During the fourth century AD, the Roman kingdom was divided into two parts: the Eastern Roman Empire and the Western Roman Empire. The term “fall of the Roman Empire” only refers to the collapse of the Western Roman Empire, not the Eastern Roman Empire. The territory of the Western Roman Empire was lost. Despite the fact that the Roman Empire experienced monetary inflation from the third to the fourth centuries, the Eastern Empire never fell. Despite the fact that the vast majority of Romans were peasants, they were self-sufficient. Inflation only affected a small portion of the population, most likely the craftsmen, according to modern scholars. As a result, the effect of the increase did not extend across the entire empire (Peden). Since the majority of the people lived in the rural settings and engaged in farming activities, the inflationary crisis had no significant impact on them. The economic problems that the Roman Empire faced could not make it fall. According to moderate views, what buried the Western Roman Empire was the inflation from the government. The middle class and the poor were overtaxed by the government top officials. All the same, the Eastern Roman Empire did not fall at all but instead remained stable, and that is why the point remains that Roman Empire did not collapse (Peden).
An influential theory states that Roman Empire never fell, but instead it was transformed into something which cannot be recognized. Despite the number of crisis described in different textual sources, such as by John of Ephesus who describes that about 70000 corpses were buried in large pits have not found such graves. Archaeologists in Galanta and neighborhoods of Istanbul have not seen such graves. In fact, there is no pit which has been found to contain 70,000 skeletons. There is no doubt that Justinian plague claimed a significant number of victims all over Mediterranean. The question concerning the whereabouts of this corpses remain unanswered. McCormick points out that, some cities that have been excavated do not offer sufficient proof that Roman Empire never fell. Jerusalem which is one of the major cities in Rome, of the 6th century after excavation done, it was found that only three pits had over a hundred skeletons. These few bodies cannot account for the entire Roman population destroyed by the Justinian Plague. While cities are keeping history regarding rich and powerful, the Rome existence still overwhelms archaeologists (Wazer). .
The Roman Empire has a history of war, and the kingdom was formed as slaves were imported. The importation of slaves led to extending the Roman name even beyond the original people. The entry of the slaves into the Roman Empire made it grow and become strong. Afterwards, the Romans freed the slaves and even giving their descendants Roman citizenship. The liberty brought about foreign-born freemen into the Roman citizenship. The emerging of such people spread and Roman Empire grew up in number regardless of so-called fall of Roman Empire. The prominence of the freemen did not only influence politically but also a religious aspect.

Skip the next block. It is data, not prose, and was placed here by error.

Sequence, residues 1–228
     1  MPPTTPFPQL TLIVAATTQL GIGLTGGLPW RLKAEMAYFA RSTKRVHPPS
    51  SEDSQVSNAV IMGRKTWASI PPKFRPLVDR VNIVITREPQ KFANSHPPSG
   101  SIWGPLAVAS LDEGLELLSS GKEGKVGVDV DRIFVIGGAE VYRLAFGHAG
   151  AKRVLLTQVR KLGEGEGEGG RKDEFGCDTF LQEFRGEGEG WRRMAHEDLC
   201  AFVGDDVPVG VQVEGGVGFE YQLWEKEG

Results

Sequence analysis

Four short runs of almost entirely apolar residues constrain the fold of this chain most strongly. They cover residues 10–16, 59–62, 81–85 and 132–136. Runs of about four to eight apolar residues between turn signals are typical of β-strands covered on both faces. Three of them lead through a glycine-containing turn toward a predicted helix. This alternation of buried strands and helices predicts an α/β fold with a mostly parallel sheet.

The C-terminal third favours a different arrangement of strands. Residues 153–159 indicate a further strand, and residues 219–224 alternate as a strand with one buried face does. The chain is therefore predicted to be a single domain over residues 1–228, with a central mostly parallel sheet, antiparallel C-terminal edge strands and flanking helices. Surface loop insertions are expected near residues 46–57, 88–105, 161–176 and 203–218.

At the center of the Mediterranean world was a cosmopolitan city attracting a large number of people from different parts of the empire. The slaves were not the only foreigners in the realm. Research conducted by Prof. Tenny Frank of Johns Hopkins University shows that majority of these merchants were from the eastern part of the empire. The study also noted that many of the names that were left in inscriptions in Rome were not from Latin. For them to get a clear understanding, Tenny and his colleagues studied some tombs and monuments. After investigating 13,900 legends, he found that 83 percent of the names were from foreign derivation and majority being from Greek. The progression of this empire therefore appears to be the source of modern day Rome, hence proving that the empire never fell, but survived throughout history to its current status as the capital of Italy.
Mary Beard, a famous classicist, argues that there is nothing like the fall of Roman Empire. She states that Ancient Roman still influences kind of life we live today. The Roman Catholic Church itself arose from the empire. It was initiated to ensure that the state succeeded. The religion and belief systems is undoubtedly as significant as it was in historical times. These beliefs still exist today not only in Rome but across the world and that is why she argues that the Roman Empire still exists. Additionally, the Roman Empire had a tremendous influence on the Christianity. Christians became unquestionably the founding rock and mostly in the eastern part of the empire. The culture and religion that Christianity brought about marks the modernity way. The Christians who are in the present days prove that the Roman Empire never fell, but instead it exists (Malley).
During the Roman Empire, there was a mass of human migration. Although some people currently tend to think that the people were not moving, it is essential; to understand that this is not a new phenomenon. Over 2,000 years back, people used to move from one part of Mediterranean to another. As such, Roman Empire never fell and instead, its people dispersed to various parts of the region. However, the remaining few still maintained the culture, traditions and beliefs which still exist today.
O’Malley, J.P. “There is no such things as the fall of Roman Empire.” 28 December 2015. New Humanist. https://newhumanist.org.uk/articles/4979/there-is-no-such-thing-as-the-fall-of-the-roman-empire. Accessed 10 December 2017..
Peden, Joseph R. “Inflation and the Fall of the Roman Empire.” Cato Journal 14.2 (2011): 287 – 303.
Wazer, Caroline. “The Plague that might have Btrought Down the Roman Empire.” 16 March 2016. The Atlantic. https://www.theatlantic.com/science/archive/2016/03/plagues-roman-empire/473862/. Accessed 10 December 2017.